This is a guest post from an anonymous disabled physician who wishes to share a journal entry:
October 12 2009
Today I went to the dermatologist to have a recurrence of the basal cell carcinoma removed from my arm. Dr. C is a wonderful, kind, a brilliant devoutly Christian dermatologist who is also beautiful tall long and lean. In the past I honestly have felt slightly jealous of her. Her beauty, her thinness, her ability to have excelled in medical school and her residency enough to get her a place in a highly competitive dermatological residency.
I am kept 45 minutes longer in the waiting room than in previous visits. The nurse finally comes to place me in a room. She asks me about any new medications changes. I shamefully tell her about the three new medications I am on for depression. Interestingly the nurse does not look at me with a sort of thinly veiled disgust when I mention these new meds. I show the nurse my new cancer and then tell her that my hair has been falling out in clumps and my nails are thin splitting and frail. She leaves the room.
In comes Dr. C, I am shocked. Is this the same person I have seen on so many visits before? She is a shadow of herself, cachexic looking with her face, chest and abdomen sunken in. Her clothing seems baggy. Her hair is dull, she is pale haggard looking, no smile today just a face made old by the look of some sort of existential pain. She seems slightly confused. The nurse gently guides her. She asks for my complaints. She looks at my arm and then my hair and nails. She then asks if I am on a diet or have started new meds. She looks on the medication list. She says “all these medications for depression? There are so many”. There is a sense of panic in her voice. I tell her this is my fourth distinct episode of depression and it is being much harder to control. I tell her I have been this ill for awhile now. She looks at me and says "I am very depressed too". She tells me that her husband and she are in therapy after 19 years of marriage. She says it is helping her husband more than her. She looks away at the floor and seems slowed down. The sadness in the room is palpable. Her nurse returns and redirects her. She goes to work shaving off and cauterizing the cancer from my arm. This she does well like her usual self.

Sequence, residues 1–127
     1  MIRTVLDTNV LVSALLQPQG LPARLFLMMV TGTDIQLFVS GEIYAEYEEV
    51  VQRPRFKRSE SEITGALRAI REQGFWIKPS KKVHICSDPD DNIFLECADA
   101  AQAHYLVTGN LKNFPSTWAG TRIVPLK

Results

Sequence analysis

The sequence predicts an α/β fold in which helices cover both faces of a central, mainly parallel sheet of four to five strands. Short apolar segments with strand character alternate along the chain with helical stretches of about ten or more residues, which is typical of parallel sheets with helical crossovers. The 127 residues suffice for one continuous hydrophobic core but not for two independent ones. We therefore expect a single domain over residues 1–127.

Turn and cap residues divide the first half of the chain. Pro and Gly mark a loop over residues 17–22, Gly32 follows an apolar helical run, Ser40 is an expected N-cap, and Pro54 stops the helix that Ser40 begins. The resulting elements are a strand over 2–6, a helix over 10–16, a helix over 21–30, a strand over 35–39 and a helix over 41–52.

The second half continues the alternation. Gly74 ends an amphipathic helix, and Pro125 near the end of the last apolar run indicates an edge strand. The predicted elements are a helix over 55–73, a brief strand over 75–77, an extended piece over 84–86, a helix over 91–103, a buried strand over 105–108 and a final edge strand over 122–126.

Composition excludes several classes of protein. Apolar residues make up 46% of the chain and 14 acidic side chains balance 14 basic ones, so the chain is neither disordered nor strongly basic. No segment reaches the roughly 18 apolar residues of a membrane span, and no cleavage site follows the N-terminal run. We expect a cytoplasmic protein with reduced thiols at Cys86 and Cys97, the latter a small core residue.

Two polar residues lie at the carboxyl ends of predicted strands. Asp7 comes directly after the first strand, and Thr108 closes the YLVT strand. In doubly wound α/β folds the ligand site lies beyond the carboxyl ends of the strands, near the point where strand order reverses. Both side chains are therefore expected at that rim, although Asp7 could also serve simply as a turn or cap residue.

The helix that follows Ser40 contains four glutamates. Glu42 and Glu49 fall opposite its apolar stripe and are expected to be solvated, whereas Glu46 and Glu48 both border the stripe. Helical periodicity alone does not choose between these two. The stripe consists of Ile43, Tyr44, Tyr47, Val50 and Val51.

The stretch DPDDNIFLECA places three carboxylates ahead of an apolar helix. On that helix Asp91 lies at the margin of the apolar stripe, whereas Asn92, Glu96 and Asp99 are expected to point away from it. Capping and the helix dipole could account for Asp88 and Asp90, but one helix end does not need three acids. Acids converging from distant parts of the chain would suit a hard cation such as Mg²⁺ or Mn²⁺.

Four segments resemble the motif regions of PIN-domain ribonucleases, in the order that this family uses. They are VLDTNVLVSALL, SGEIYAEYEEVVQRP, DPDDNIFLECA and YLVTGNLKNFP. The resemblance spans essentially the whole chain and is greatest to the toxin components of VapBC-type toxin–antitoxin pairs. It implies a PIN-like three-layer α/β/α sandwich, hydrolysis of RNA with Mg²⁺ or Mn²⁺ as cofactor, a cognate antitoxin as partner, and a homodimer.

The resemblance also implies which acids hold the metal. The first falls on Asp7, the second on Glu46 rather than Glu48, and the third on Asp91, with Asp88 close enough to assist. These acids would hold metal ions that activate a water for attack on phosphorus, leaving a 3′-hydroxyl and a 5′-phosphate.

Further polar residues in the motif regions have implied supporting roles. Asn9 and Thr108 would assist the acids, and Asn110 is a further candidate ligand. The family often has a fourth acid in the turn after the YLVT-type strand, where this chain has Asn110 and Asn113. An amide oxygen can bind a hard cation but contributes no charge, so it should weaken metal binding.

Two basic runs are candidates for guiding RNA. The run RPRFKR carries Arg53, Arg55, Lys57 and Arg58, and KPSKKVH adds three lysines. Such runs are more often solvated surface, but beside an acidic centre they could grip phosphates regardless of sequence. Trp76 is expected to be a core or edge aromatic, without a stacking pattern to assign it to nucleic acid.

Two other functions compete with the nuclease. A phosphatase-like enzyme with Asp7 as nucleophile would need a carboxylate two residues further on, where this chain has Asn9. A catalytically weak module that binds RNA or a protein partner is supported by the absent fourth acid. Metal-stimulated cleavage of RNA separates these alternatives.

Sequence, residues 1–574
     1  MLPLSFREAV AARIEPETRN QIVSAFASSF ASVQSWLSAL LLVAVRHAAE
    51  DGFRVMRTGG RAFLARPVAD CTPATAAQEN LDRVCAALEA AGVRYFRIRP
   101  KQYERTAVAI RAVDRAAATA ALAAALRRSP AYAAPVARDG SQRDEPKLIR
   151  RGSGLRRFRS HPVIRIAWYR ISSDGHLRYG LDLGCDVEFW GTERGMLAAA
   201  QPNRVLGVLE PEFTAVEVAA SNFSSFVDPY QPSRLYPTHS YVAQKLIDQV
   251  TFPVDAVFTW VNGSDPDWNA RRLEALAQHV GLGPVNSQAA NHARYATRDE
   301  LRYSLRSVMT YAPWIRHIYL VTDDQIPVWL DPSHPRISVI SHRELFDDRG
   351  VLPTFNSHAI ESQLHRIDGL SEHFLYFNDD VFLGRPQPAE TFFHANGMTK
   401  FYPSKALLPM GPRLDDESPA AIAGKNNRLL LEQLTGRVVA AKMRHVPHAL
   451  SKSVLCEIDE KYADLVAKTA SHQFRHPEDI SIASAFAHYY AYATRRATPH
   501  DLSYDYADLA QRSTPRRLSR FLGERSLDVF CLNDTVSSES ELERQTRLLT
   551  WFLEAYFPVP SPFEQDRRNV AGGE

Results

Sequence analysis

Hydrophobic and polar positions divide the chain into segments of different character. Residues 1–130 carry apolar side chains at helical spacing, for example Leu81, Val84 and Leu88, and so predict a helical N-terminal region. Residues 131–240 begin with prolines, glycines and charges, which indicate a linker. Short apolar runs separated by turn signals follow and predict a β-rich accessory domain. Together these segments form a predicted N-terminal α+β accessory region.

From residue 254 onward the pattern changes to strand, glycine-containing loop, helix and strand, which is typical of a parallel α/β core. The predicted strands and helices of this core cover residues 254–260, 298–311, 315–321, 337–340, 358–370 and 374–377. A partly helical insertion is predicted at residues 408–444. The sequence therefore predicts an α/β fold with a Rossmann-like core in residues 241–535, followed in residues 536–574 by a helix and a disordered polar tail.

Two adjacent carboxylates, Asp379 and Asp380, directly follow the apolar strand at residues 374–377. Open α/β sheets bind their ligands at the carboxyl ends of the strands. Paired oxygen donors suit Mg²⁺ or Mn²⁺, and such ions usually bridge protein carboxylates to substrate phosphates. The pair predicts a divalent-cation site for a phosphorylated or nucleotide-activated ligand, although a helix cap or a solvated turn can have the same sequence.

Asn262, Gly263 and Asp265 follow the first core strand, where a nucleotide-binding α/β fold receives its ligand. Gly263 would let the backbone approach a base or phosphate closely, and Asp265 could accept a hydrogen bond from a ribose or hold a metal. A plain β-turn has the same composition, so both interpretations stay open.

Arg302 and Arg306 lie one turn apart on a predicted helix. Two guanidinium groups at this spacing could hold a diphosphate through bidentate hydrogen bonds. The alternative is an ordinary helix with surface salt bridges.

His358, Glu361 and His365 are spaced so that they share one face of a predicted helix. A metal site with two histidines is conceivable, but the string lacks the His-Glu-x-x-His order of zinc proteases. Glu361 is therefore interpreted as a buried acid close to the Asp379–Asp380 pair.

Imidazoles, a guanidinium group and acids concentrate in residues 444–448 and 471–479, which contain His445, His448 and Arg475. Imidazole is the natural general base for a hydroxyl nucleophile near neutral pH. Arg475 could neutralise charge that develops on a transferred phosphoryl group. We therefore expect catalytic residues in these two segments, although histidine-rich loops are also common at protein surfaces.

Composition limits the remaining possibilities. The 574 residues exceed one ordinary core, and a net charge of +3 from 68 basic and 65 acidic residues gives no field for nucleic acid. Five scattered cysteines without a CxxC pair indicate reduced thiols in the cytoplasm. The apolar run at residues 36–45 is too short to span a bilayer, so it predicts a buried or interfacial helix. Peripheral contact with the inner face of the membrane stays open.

The nurse has returned to the room and Dr. C starts to give her directions on the labs she wants and why. But she is confused. She sort of messes up the labs she wants to order. Her nurse gently tells Dr. C which labs she needs. Dr. C tries then tries to come up with the ICD-9 codes for the labs but fumbles the nurse corrects her. Dr. C. has not previously been like that. She has always spoken in confidence knowing her ICD-9 codes as if they were the basic alphabet we learnt as children. She seems rattled scared. I see myself in her.
The nurse walks out of the room to get the directions for the local Quest lab. Dr. C and I talk about depression without looking at each other. I mention how I feel that I should not be practicing medicine right now. I talk about how I really need to be in the hospital but am not sure how to do that. She echo’s my thoughts in her words. She feels the same way; she is scared, not sure whether she should be practicing medicine right now either. But how is it possible to just stop and disappear from work expecting others to do our jobs? Especially with this shameful diagnosis. She looks as trapped as I feel. I say did you know studies show depressed female physicians are 4 times as likely to successfully complete suicide then their depressed male colleagues. She laughs and says “because we are smarter”. I say I think it is because men blame their depressions on others while women blame their depressions on themselves. She looks sadder. I hope I have not sparked in her a need to die.
The nurse returns with directions to the lab. She tells me how to go and hands me a map. Dr. C listens to her and says “where”? The nurse repeats herself several times but Dr. C looks confused. The nurse finally says to Dr C. “you know the place you go to every morning to get your iced tea”. Now Dr. C seems to understand where it is I am going. The nurse leaves herself looking saddened.
Dr. C says “I will pray for you”. I tear up; I say “I think God has lost me”. My faith which used to be so strong has sort of been lost somewhere. It has always been there before but now it is gone. My cross seems to burn on my chest as if I do not deserve to be wearing it. Dr. C quickly reassures me that God has not forgotten me and I know she is right. We squeeze each other’s hands and agree to pray for each other.
For some reason I leave the office feeling somewhat stronger knowing I am not the only female physician who is struggling in this way. Not the only one who needs a nurse to guide me. I am not the only physician who can no longer think even the most basic of thoughts? I wish there was some sort of support group for people like us. They have AA and NA groups specifically for addicted physicians. But there are no support groups for those who have major depression. It is as if somehow it is better to be an alcoholic or drug addict then to be ill with a severe affective disorder. I will pray for Dr. C, for restoration of her marriage, for the return of her buoyant personality, for a lifting of the depression and for the restoration of her soul.